See, it’s important to remember, that there were many trees in the garden, but there were two specific trees mentioned, not just the one we normally think of – not just the “tree of the knowledge of good and evil”, but there was another tree – the tree of life. Back in 2:9, we read that “The Lord God made all kinds of trees grow out of the ground—trees that were pleasing to the eye and good for food. In the middle of the garden were the tree of life and the tree of the knowledge of good and evil.”
And, we see that Adam and Eve weren’t barred from the tree of life until after they sinned, since now they needed redemption before they could enter the glory of eternal life with God – 3:24 – “After he drove the man out, he placed on the east side of the Garden of Eden cherubim and a flaming sword flashing back and forth to guard the way to the tree of life.”
And, so God always intended to clothe humanity in glory – presumably, Adam and Eve could have eaten from the Tree of Life at any time – and that once they did they would have been confirmed in life and the danger and temptation of disobedience would have been a thing of the past.
But, there nevertheless was a time of testing; a time of temptation. Theologians call this the “probationary period” the time when Adam and Eve had a choice before them between obedience and disobedience. And, if they passed this time of testing, they would enter into the glory and eternal life which God created them for – to enjoy him forever – the most over flowingly abundant life unfading for all eternity.
Enter, the tempter. He appears without origin or explanation in the Genesis text; but it is clear from the rest of scripture that this snake is a representation of the devil – the personal spiritual evil in this world which rages against God.
But what we do see here is that the tempter is utterly opposed to God, and not only himself opposed to God but on a mission to recruiting humanity ally with him & join him in his opposition to God, by deceiving them through his craftiness.
His words are obviously not the truth; but neither are they a blatant bold-faced lie.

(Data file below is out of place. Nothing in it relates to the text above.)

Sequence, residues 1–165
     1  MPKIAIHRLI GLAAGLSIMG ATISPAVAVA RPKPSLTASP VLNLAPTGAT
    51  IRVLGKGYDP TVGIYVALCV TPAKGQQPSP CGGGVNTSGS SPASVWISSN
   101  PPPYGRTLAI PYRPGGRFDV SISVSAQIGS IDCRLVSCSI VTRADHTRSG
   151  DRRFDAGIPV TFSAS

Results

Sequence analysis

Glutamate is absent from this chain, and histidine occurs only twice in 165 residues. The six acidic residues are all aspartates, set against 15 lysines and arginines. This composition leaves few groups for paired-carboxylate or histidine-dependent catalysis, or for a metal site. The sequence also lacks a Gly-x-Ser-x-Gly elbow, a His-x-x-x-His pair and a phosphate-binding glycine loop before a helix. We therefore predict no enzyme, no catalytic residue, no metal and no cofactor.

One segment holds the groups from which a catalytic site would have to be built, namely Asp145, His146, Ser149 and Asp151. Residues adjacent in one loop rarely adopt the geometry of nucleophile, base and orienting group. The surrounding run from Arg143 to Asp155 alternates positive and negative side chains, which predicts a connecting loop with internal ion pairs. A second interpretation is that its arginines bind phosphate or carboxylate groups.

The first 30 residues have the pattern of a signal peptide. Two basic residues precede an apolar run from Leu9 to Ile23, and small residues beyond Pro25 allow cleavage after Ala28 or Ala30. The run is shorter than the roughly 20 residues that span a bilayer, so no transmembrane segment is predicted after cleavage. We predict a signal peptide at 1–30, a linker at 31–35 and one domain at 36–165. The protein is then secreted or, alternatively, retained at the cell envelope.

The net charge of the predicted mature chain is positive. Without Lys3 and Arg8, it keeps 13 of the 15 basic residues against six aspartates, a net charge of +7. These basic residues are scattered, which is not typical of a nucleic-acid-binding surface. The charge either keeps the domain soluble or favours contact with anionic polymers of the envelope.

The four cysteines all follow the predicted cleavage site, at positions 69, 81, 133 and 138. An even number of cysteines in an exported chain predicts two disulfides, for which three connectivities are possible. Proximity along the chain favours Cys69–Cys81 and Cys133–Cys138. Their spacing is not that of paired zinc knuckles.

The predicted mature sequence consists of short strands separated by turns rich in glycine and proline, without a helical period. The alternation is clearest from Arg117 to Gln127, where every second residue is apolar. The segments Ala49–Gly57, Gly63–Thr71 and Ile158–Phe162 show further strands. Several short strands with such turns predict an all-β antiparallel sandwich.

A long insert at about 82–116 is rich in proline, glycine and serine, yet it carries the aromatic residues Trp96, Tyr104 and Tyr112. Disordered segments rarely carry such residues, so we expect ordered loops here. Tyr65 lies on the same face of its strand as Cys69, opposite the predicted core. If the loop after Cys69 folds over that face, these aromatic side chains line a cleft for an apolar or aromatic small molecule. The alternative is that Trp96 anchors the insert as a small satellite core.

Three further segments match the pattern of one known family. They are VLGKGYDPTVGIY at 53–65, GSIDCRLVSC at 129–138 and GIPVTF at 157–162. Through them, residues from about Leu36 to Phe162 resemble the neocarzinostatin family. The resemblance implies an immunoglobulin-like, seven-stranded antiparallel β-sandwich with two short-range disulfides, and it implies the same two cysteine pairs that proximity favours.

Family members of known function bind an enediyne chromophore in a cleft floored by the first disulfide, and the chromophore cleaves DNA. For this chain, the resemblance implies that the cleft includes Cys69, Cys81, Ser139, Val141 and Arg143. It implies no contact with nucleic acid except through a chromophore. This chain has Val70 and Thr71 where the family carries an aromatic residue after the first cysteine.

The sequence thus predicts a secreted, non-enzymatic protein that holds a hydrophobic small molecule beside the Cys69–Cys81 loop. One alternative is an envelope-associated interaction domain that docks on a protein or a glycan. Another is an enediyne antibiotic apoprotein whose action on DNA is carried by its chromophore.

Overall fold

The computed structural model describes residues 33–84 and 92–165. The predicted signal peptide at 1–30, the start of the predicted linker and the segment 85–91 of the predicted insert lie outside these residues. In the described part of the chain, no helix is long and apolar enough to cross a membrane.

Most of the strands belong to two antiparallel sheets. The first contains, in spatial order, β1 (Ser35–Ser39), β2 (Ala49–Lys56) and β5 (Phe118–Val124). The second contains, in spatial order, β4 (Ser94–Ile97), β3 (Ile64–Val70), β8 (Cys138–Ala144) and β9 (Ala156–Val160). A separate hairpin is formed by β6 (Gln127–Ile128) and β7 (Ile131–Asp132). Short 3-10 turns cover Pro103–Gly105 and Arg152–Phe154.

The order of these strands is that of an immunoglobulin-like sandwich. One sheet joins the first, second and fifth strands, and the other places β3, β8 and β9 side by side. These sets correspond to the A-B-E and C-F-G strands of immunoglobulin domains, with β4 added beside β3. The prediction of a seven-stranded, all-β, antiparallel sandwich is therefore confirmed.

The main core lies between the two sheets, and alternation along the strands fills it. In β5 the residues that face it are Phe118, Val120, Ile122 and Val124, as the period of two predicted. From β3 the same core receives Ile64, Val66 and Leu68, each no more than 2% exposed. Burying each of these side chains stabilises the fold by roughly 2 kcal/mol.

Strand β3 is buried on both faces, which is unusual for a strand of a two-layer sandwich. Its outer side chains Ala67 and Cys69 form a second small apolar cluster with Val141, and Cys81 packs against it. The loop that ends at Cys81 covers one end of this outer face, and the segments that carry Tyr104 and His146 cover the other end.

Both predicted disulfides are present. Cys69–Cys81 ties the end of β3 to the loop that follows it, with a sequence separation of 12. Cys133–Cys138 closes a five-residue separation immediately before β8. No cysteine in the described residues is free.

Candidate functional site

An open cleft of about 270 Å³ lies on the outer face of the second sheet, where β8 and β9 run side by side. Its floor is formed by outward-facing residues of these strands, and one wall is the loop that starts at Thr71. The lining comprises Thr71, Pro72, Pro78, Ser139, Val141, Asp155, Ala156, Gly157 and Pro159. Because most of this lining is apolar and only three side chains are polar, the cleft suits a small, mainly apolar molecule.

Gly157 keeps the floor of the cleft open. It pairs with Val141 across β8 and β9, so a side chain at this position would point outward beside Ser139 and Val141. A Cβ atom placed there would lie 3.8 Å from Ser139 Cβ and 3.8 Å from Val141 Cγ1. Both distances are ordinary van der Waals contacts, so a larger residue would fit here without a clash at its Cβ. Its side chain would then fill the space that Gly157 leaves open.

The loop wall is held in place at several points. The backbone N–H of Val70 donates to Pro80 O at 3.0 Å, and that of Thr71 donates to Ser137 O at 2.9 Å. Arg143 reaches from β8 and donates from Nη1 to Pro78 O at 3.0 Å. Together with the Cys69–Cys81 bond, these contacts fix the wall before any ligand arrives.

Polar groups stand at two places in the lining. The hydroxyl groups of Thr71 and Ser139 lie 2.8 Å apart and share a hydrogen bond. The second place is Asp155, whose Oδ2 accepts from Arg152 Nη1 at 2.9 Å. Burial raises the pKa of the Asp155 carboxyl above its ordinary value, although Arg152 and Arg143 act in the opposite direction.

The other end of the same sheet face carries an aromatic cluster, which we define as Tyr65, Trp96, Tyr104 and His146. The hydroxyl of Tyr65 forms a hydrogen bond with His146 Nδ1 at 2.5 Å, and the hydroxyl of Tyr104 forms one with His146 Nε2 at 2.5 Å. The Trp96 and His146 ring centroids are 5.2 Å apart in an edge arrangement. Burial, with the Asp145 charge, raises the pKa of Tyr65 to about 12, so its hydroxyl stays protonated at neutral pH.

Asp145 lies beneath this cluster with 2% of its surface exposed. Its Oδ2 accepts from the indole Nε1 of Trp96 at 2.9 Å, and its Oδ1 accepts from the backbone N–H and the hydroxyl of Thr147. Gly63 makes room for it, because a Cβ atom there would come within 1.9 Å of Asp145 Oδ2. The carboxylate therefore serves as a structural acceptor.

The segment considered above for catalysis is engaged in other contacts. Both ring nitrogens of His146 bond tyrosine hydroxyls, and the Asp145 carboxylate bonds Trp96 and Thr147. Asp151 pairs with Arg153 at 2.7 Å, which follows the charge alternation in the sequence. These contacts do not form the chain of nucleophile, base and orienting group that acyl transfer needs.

They are half-truths; twisting of the truths; and the reason someone tells a half-truth is to deceive – a half truth contains just enough of the truth to seem plausible and appealing – in order to deceive – just enough truth in order to suck someone in to believing it; but just enough lie to be deadly.
If he had come and said: “God is evil!” surely Eve would have spotted the lie. But, he didn’t say outright God is evil, but the subtext of what he said, and what Eve believed, was that God was withholding from her something good and necessary – and the heart of that is a denial of the goodness of God and his love towards humanity; in other words, a half-truth meant to disguise the blatant bold-faced lie that “God is evil”.
See this deception in 2 ways: tempting humanity to doubt the trustworthiness of God’s word, and tempting humanity to doubt the goodness of God’s character.
“With a word, the serpent attacks The Word.”
v1 – “Did God really say?” Just an innocent question, right? But certainly, coming from the mouth of the one whose driving desire is to oppose God and draw away those who love and trust him, that it is anything but neutral. It is designed to cast doubt.
“Maybe God didn’t say that. Maybe I imagined it. Maybe that’s just what Adam said and God didn’t say it. Or maybe there’s some sophisticated way to interpret it that basically removes the obvious sense of the words and force of the command.”
v4 – “Surely you will not die” – God warned you would die but you can’t trust him!
This is a half-truth; because on first glance it seems to be correct. Certainly they didn’t die on the day they ate of it, in the most obvious immediate sense of the idea; but this is a deadly lie because sin would lead them to death – not in the most obvious immediate sense but certainly in the most significant sense of death – the most deadly sense of death – spiritual death – separation from the loving fellowship and blessing of God – that would then lead to physical and eternal death.
And so it is a half-truth that is intended to cast doubt on the trustworthiness of God’s word – “Certainly you won’t die” – Yeah God said you would but his words can’t be trusted.
And, you know what, Church? Satan says the same words to us today: Did God really say…? Maybe the plain meaning of the Bible doesn’t mean what it seems to mean. Maybe the Bible isn’t really God’s word spoken to us? Maybe it’s just the words of fallible men and so we can’t trust it. Or, yeah maybe God said that but he can’t be trusted! Surely what he said won’t happen. You don’t need to believe his truths and heed his warnings and obey his commands and seek his promised rewards – you can make your own truths!